For the purposes of this tutorial, we're going to be using screen captures to illustrate the code in this section.  Just follow along and try to understand each step.  The full code is available in the next section.

To open the graphics editor, we double-clicked on MainPage.xaml in the Solution Explorer. If you single-click on it instead, MainPage.xaml.cs will be shown below. Double-click on MainPage.xaml.cs The file will open in a new edit window, and this will be our main program file:

Headed applications support threading, just like headless applications. But, there’s a detail to be aware of: user interface operations must always occur on the user-interface thread. The MainPage function is originally called on the UI thread, so we need to arrange things such that our UI updates always happen on this same thread.

Although we don’t need to update the real LED on the UI thread, we do need to update the virtual LED on the screen from the main thread.

In BlinkyHeadless, we started a new thread for the timer. In BlinkyHeaded, we will use a DispatcherTimer instead. This timer is guaranteed to execute on the main UI thread. It is said to be “synchronous”. Meaning that our Timer-Tick routine will be called when the UI thread isn’t doing anything else. The BlinkyHeadless timer was “asynchronous”, that is, it could happen at any time, regardless of what the main thread is doing.

Let’s add the timer to the function MainPage:

Note the error line underneath Timer_Tick. That’s because we haven’t declared the Timer_Tick function yet. Let’s do that next.

Timer_Tick is going to look just about the same as Timer_Tick from BlinkyHeadless. But we’re going to add the code to “blink” the LED on screen. We do that by filling the ellipse with either red or gray color.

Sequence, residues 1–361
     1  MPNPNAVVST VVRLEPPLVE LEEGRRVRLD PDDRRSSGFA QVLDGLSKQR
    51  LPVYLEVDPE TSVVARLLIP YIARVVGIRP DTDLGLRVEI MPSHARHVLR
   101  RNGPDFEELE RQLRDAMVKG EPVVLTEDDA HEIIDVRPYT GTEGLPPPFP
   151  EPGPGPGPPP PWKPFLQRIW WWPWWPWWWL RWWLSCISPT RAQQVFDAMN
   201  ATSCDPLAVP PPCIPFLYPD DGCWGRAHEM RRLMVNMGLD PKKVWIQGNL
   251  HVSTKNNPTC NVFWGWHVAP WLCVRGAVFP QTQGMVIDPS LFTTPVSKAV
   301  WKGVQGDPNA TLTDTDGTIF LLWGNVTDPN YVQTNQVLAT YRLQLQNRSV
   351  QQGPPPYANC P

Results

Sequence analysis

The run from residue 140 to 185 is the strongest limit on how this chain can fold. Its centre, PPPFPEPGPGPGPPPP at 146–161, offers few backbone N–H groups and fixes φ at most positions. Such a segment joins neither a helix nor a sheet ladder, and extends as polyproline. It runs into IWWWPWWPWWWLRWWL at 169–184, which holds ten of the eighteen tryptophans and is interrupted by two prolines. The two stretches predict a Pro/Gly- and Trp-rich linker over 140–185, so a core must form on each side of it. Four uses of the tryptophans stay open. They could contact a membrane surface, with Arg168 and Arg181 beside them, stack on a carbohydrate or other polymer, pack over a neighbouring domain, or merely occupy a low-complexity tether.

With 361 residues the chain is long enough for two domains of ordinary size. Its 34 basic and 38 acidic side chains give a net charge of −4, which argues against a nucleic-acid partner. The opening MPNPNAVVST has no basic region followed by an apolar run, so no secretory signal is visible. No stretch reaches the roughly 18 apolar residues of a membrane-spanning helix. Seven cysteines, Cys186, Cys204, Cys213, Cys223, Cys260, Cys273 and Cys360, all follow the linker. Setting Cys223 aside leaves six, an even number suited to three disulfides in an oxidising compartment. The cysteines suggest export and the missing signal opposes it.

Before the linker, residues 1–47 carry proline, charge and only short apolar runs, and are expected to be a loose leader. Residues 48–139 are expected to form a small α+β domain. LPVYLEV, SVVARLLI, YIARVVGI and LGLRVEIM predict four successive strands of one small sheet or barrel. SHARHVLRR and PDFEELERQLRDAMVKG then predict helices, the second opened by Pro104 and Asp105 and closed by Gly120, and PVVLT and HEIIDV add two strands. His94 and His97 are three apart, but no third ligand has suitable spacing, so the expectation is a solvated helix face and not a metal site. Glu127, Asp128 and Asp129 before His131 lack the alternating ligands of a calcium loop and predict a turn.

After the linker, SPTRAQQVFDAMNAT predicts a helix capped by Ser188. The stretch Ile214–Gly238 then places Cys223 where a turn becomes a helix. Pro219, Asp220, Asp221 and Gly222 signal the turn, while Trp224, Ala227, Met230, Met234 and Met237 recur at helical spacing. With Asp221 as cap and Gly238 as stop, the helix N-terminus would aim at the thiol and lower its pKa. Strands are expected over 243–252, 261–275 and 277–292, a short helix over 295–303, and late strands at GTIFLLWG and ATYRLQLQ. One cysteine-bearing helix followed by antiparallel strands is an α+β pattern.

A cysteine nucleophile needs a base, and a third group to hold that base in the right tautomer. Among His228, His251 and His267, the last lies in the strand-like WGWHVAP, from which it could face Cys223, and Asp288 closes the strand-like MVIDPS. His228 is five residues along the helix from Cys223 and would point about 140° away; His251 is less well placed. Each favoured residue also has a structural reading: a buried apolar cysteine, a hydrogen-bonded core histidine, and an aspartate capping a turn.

Our colors will be controlled by the Brush object. We’ll need a gray_brush object and a red_brush object. These will be declared as global objects, and we’ll put them right after the DispatcherTimer global object:

Recall that we named the ellipse LED. Filling the ellipse object is straightforward; we just call the Fill method of the LED object. Here’s our Timer_Tick function:

Of course, we have some errors because we haven’t declared our Gpio objects yet. We’ll need a InitGPIO function, just like we had in BlinkyHeadless. We’ll also need the same set of Gpio variables we had in BlinkyHeadless:

We’ll just copy the InitGPIO function over from BlinkyHeadless, and add some messages to take advantage of the GpioStatus text block we included in the UI:

We still have some syntax errors, but those will go away when include our using statement for Windows.Devices.Gpio

All that’s left to do is call InitGPIO from the MainPage function, start the timer, and the program is done:

This guide was first published on Aug 03, 2016. It was last updated on Jul 15, 2016.

This page (Main Program) was last updated on Jul 15, 2016.

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